Carroll’s motor won’t allow him to idle there. Wilkinson’s offensive scouting report on Carroll is somewhat modest – "He doesn’t have the best speed. He doesn’t have the best shot" – but his effort puts him in position to pick up the leftover scoring chance here and there.
"I’m just doing what I can. It’s been good to score, but as long as the team is winning, that’s all that matters," he said.
The Hartford Wolf Pack thought Carroll would be a nice short-term addition to its mix earlier this season, and when Wilkinson gave the news to Carroll his response was predictable.
"He was just dead silent," the coach recalled. Wilkinson started to explain how his AHL contract would work. Carroll stopped him short.
"He said there’s no need to pay me. I just want to go," Wilkinson said. "’Just give me a jersey. He’s got no sense of entitlement whatsoever. He’s a kid you want to root for."
Carroll’s latest sidelight is learning how to stand up for himself. At a modest 5-foot-11, 195 pounds and coming from a college style that prohibits fighting, that part of his game is maturing painfully slow. But Carroll understands that to keep playing as hard as he does, it’s a skill that must remain on call.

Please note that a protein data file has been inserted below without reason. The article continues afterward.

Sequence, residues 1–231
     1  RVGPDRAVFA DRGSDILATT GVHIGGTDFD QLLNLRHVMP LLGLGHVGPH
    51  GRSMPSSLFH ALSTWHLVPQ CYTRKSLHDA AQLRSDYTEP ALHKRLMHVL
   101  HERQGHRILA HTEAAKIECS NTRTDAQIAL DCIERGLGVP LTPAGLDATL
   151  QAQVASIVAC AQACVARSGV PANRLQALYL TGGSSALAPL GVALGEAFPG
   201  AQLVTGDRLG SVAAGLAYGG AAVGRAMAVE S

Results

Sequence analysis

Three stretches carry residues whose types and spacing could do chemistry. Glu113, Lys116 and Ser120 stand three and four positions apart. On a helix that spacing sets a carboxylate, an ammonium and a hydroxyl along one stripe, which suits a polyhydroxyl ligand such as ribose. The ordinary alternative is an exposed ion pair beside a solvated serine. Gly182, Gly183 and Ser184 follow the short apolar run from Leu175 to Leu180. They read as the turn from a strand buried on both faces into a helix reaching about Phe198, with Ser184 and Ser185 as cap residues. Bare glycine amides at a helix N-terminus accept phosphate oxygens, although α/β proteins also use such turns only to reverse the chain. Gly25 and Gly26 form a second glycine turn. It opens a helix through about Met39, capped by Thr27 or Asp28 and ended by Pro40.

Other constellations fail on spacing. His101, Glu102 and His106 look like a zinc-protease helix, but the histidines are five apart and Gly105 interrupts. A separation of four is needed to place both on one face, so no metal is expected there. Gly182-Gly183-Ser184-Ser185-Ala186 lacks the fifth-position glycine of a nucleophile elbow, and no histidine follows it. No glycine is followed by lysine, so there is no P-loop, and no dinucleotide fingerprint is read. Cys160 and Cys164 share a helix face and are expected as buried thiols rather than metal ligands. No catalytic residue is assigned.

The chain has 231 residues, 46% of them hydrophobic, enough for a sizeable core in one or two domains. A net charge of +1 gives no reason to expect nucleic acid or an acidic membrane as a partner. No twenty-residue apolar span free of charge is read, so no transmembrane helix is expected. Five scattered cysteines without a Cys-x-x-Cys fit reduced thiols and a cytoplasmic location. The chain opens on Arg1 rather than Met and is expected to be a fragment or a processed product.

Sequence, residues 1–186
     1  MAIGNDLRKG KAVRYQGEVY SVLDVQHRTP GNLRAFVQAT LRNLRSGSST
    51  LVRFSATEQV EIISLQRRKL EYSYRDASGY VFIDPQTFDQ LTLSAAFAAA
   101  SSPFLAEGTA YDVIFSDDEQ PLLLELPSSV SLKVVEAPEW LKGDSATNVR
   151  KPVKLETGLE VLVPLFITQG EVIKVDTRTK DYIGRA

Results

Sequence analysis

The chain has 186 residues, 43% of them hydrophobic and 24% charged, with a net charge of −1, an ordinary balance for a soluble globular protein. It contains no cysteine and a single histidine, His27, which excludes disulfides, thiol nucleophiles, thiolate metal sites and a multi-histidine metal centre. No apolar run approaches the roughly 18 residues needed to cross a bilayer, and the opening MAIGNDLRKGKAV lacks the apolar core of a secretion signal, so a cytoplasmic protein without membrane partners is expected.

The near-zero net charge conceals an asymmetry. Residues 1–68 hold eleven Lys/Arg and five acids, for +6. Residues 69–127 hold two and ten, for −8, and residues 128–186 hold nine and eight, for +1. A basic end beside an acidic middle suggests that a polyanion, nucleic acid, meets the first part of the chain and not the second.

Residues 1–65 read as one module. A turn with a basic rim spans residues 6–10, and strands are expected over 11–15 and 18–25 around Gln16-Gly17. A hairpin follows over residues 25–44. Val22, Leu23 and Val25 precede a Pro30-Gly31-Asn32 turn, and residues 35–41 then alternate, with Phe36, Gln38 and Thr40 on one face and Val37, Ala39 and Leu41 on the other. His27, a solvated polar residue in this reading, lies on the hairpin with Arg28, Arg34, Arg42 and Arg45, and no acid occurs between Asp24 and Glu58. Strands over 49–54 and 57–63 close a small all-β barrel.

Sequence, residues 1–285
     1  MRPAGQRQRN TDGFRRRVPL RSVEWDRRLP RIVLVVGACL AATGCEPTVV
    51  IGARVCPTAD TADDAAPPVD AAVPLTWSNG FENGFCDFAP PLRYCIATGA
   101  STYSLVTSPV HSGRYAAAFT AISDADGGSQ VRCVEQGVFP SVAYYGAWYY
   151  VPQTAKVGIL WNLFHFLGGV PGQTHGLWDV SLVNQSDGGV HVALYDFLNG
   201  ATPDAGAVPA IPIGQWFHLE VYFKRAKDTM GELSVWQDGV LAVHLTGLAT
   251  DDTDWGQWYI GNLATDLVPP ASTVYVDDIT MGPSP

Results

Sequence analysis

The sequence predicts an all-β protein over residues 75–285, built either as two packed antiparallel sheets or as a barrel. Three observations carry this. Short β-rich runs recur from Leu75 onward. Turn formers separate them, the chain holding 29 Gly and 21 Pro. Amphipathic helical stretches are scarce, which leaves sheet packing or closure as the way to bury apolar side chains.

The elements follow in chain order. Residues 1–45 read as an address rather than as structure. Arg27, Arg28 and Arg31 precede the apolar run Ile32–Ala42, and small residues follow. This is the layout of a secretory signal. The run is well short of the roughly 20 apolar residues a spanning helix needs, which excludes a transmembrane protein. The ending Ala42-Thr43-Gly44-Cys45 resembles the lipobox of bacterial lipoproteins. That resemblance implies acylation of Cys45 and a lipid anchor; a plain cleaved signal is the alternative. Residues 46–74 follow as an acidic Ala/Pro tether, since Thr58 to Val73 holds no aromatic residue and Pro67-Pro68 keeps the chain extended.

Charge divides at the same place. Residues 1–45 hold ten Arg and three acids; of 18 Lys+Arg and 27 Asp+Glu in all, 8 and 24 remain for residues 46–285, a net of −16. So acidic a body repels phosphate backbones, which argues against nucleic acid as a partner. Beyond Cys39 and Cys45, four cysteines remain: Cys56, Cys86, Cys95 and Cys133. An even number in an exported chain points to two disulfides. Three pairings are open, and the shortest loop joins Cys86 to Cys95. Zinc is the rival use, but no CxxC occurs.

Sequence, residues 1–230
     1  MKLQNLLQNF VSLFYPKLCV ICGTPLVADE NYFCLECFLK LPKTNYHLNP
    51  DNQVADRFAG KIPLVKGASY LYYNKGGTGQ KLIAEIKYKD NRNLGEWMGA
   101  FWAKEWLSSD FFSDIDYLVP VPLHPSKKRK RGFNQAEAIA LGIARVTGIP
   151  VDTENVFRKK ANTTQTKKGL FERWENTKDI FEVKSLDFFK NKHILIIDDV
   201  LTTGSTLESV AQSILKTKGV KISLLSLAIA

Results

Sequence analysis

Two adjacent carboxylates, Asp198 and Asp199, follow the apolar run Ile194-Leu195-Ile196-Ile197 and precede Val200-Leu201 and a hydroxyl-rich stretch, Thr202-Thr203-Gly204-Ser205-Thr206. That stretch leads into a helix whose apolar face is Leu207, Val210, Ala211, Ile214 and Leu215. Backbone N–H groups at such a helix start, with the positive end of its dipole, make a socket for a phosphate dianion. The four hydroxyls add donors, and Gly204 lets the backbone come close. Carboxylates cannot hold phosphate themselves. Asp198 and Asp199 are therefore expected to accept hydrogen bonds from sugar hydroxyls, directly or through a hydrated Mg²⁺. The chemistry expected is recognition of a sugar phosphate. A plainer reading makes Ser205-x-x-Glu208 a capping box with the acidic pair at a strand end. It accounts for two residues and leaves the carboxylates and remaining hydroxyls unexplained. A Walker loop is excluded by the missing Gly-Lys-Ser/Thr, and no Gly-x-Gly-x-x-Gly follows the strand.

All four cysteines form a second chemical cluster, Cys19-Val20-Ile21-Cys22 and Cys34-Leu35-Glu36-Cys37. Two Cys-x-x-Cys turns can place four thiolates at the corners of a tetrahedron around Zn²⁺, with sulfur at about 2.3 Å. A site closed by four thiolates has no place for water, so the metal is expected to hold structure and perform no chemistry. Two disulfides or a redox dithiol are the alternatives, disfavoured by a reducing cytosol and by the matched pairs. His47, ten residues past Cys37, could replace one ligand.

"I don’t know if I can really fight," he said. "I just show I’m going to give it everything I can. When I finish hits, guys don’t like that all the time."
Even though Carroll has shown a great offensive value to the Checkers, Wilkinson knows better than to suggest he limit his aggressiveness in this area.
"He’s a kid who says, why not?"’ Wilkinson said. "There’s not another way to have him play. There’s not another way to coach him. You just let him go."
There will likely come a time when Carroll has at least a passing interest in some financial motivation to keep going, though he can’t imagine when that will be.
"Money is not an issue with me," he said. "Going to the rink every day, wanting to be there, I want to be on the ice. I want to play as long as I can, until they tell me I can’t."